SINGAPORE - The Singapore Examinations and Assessment Board (SEAB) is studying the option of scanning and marking answer scripts electronically, said Senior Minister of State for Education Janil Puthucheary in Parliament on Tuesday (March 20).
"This would potentially reduce the risks, such as theft or misplacement, associated with transporting hardcopy examination scripts," he added in response a question from Mr Murali Pillai (Bukit Batok), who asked if examination scripts can be scanned or digitised before they are sent to Cambridge Assessment in Britain for marking.
A parcel of 238 A-level Chemistry scripts from Singapore were stolen from a delivery van in Britain last November en route to Cambridge Assessment. The theft came to light last month .
Despite extensive efforts to trace the scripts for Chemistry Paper 3, which carries 35 per cent of the marks for the subject, they have not been recovered.
The affected students from Anderson JC, Anglo-Chinese JC, Hwa Chong Institution and Nanyang JC were eventually given a grade for their A-level exams based on their performance in the other three chemistry papers, as well as their cohort's performance in Chemistry Paper 3.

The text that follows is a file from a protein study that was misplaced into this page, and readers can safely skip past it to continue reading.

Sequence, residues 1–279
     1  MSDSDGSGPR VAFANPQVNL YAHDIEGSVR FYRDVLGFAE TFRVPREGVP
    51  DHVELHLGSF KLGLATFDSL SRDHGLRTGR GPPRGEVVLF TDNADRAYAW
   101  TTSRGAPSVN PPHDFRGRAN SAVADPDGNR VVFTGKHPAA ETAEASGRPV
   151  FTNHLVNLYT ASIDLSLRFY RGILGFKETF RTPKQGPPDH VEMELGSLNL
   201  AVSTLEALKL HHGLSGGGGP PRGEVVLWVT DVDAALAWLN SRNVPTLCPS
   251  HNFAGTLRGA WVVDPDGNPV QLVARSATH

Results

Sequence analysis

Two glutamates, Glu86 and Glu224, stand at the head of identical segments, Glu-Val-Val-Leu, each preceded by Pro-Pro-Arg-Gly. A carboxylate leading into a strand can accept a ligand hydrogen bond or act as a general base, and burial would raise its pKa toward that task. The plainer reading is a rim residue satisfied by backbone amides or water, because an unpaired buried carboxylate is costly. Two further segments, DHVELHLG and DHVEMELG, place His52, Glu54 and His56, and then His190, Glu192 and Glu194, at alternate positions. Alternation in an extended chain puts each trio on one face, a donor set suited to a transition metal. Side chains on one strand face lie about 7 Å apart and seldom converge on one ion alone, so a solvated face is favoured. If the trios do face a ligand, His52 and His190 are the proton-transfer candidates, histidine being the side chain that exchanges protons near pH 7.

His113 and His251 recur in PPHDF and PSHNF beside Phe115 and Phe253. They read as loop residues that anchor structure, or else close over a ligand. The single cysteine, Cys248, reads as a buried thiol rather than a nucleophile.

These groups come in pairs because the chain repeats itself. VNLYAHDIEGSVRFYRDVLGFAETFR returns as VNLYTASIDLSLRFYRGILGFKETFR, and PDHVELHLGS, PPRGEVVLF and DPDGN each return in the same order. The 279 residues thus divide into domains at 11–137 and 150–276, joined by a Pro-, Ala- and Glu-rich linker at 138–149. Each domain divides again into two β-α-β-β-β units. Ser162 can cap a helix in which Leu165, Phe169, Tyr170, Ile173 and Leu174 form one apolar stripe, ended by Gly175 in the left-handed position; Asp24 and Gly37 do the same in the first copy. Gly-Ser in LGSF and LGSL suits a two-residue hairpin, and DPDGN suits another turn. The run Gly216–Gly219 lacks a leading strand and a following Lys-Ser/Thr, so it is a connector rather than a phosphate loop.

They were also given the option to resit the paper and have the better of their two grades recorded in their result slip and certificate. One-third of the affected students eventually chose to do so.
Dr Janil noted that Cambridge Assessment has said it was the first time exam scripts were stolen, and "it is taking this unfortunate incident very seriously".
It has assured the Ministry of Education (MOE) and the SEAB that it will review its processes to ensure the security of examination papers and scripts, including a full scrutiny of the courier services offered by its suppliers, he said.
Mr Murali also asked how the SEAB ensured other students were not disadvantaged by its decision to give the affected candidates a presumptive grade based on their performance in other papers.
To this, Dr Janil said it is an established method that has been used for other candidates, such as those who are unable to submit every component of the exam due to illnesses or other circumstances.
The MOE, the SEAB and Cambridge Assessment have a number of mathematical models developed over time that can predict or triangulate a candidate's final performance in an exam, and can do so "quite robustly", he added.